Pregnancy is a time when the mother-to-be is encouraged to eat nutritious food for the healthy overall development of the baby. However, it is not just the physical development that is important. Baby IQ development is less focussed on as an objective, but one that is critical too. The time frame between conception to 2 years of age is when the maximum baby brain development happens. Thus it is critical that both the pregnant mother and the infant and toddler receive the best and the right kind of nutrition.
In recent years DHA has found a special place in the health food supplements rack. While DHA is not new to us – a famous brand of cod liver oil was given to most of us in our childhood, it is being seen as crucial nutrition for expectant moms and old people alike. The reason being that DHA has a direct impact on the development of brain power & proper functioning of the brain.
Just why is baby IQ development important?
It’s not like we are aiming at creating little Einsteins or Newtons. I mean, yes why not? But building brain capacity has a lot more to do with allowing the brain to develop to its maximum potential. Just like you would consume protein and such nutrients in order to build a healthy body, it is important to provide precious brain fuel to ensure the baby is born with a brain that is well equipped with all the right power.
And it’s not just brain development. DHA also contributes to normal eye & nervous system development in babies. While the health of these body systems may not always be visible to the naked eye, they are critical in ensuring the body is functioning to the best of its ability and capacity. They are the foundations of a healthy human body.
Feeding brain fuel
Nutritionists will tell you that nutrients like protein, energy, healthy fats (DHA), iron, zinc, copper, iodine, selenium, vitamin A, choline, taurine, lutein and folate are necessary for brain development.
DHA or docosahexaenoic acid (DHA), are potent neurobiological agents that affect neuronal membrane structure, synaptogenesis, and myelination. (Ref: AJCN) Altogether this contributes to a brain which is well developed and functions to the best of its ability.
But just how can we include this seemingly endless list of nutrients in the food intake of a toddler or baby for that matter?
Brain nutrition from birth to 6 months
As is prevalent today, breastmilk or formula is the primary nutrition for infants up to the age of 6 months. Is it possible then to send vital brain food to the little babies?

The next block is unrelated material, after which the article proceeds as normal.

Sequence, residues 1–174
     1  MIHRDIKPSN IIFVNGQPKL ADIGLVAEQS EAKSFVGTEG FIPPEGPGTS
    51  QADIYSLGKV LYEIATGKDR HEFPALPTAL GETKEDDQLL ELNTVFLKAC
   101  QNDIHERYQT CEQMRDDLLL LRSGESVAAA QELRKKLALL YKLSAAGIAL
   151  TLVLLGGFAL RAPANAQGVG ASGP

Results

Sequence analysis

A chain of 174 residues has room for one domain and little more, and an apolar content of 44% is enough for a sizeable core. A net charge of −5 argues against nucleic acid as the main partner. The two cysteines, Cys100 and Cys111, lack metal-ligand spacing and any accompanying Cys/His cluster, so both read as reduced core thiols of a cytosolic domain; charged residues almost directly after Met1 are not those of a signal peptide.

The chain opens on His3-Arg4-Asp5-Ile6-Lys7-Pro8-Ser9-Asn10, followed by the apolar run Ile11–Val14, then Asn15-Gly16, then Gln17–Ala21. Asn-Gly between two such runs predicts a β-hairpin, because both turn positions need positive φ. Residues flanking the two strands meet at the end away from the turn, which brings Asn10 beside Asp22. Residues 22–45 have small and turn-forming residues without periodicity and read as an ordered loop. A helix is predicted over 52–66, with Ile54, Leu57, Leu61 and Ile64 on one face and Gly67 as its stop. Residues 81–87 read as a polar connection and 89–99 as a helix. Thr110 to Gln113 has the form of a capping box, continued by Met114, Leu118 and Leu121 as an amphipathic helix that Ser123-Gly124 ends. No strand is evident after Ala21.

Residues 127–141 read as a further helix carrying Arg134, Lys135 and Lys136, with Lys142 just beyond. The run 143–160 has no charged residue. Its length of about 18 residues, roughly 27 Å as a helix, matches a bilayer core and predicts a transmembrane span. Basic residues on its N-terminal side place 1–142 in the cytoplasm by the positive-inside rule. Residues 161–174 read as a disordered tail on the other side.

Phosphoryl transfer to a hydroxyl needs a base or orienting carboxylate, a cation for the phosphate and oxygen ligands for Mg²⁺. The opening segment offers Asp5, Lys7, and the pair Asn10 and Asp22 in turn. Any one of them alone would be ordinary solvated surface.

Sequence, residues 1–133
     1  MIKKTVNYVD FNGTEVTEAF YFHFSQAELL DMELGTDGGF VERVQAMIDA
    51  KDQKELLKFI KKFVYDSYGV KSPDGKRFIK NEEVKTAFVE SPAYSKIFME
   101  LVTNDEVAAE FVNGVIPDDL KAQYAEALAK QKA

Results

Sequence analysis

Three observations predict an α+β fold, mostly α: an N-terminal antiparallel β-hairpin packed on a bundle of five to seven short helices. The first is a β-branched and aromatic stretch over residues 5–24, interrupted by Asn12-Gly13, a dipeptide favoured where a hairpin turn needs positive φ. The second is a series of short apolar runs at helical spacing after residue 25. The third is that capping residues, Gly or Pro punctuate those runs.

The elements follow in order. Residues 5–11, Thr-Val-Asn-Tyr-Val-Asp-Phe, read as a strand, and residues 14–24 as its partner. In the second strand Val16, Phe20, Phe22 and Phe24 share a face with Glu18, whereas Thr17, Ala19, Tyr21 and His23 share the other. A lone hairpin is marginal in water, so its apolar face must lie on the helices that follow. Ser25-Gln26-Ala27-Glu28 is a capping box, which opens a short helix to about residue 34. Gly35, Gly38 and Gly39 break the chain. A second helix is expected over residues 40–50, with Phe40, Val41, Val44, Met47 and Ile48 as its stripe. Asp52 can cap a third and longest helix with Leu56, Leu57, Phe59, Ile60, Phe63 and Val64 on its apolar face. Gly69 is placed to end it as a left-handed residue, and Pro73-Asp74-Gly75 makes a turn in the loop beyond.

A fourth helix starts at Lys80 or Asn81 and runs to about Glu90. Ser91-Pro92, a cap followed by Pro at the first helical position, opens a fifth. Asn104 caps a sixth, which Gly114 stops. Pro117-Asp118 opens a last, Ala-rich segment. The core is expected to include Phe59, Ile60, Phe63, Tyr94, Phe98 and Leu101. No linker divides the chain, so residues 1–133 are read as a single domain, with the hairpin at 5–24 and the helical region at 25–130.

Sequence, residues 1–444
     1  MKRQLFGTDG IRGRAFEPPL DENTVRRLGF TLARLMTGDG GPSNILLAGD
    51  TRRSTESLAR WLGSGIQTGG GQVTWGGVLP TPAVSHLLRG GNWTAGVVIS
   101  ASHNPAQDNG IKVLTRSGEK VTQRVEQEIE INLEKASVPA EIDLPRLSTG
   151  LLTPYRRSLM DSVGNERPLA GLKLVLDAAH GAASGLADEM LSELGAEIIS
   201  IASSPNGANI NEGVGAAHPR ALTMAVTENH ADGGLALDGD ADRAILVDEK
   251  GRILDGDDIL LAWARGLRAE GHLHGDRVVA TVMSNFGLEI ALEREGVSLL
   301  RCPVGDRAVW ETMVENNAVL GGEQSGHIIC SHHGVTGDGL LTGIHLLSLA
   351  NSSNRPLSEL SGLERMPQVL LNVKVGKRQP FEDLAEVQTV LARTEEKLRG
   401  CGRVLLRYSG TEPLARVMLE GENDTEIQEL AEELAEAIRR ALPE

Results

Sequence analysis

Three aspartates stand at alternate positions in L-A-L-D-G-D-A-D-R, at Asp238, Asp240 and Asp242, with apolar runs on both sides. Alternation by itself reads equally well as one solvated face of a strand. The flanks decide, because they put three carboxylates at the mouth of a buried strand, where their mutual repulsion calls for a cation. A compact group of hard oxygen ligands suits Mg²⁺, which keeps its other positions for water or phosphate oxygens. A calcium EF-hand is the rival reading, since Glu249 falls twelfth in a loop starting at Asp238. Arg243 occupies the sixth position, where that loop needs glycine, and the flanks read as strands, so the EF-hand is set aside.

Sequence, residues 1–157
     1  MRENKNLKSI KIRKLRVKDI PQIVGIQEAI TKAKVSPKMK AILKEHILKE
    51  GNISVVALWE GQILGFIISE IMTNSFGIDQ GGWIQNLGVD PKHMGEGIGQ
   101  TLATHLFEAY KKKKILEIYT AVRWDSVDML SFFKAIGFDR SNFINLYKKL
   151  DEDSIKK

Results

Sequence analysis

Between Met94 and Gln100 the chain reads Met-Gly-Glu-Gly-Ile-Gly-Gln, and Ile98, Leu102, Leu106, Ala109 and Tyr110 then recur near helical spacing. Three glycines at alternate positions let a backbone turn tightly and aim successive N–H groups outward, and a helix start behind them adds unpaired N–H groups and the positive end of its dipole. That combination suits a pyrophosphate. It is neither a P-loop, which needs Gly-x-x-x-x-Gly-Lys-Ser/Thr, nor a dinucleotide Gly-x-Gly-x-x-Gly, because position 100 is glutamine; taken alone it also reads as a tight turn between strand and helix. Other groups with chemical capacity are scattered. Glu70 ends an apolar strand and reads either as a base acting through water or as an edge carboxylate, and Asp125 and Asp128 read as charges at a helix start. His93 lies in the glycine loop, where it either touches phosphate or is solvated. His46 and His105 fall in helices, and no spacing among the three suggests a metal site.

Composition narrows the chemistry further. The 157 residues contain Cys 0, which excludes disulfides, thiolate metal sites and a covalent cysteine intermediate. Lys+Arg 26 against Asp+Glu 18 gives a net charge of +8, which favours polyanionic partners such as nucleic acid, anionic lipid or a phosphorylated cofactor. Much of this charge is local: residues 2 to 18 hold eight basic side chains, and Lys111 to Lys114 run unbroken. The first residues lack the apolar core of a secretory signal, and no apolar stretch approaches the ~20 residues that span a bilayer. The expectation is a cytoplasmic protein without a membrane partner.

The answer to that is a resounding yes. DHA from the mother’s diet does pass on to her baby via breastmilk. Therefore it is equally important that the mother should consciously include DHA and other nutrient-rich foods in her diet.
However, as I have spoken in some of my earlier blogs too (Read – Milk sensitivities in infants) not all children have the blessing of being able to receive or consume mother’s milk. But thanks to modern medicine and research, infant formula provides them with valuable food for life. And this formula is fortified with the essential DHA.
A glance at the nutritional information on a tin of formula will reassure you that formula milk for infants contains all the required DHAs, vitamins, minerals required for healthy baby IQ development. In fact, studies show that formula in pre-term infants is vital for bringing them up to speed with “retinal and cognitive development, as indexed by improved electroretinogram activity, visual acuity,” (Ref: AJCN)
6 months to 1 year – weaning foods
Weaning foods are now introduced after the baby has turned 6 months old. The parent/ caregiver has many methods at her disposal to introduce baby to the rich world of food and nutrition.
This is the time that babies should be introduced to a wide variety of foods – fruits, vegetables, nuts and meats if you consume them. Keeping in mind the possible allergens and introducing them gradually, all foods should be offered to babies within the first year of their life.
And while doing so the caregiver can plan baby food more mindfully, for example, ensuring that baby food contains healthy fats, is low in sodium, sugars and trans fats. Balance and complementary foods should be introduced together so that nutrient intake is maximised. Nutrition goals such as baby IQ development can be consciously worked towards.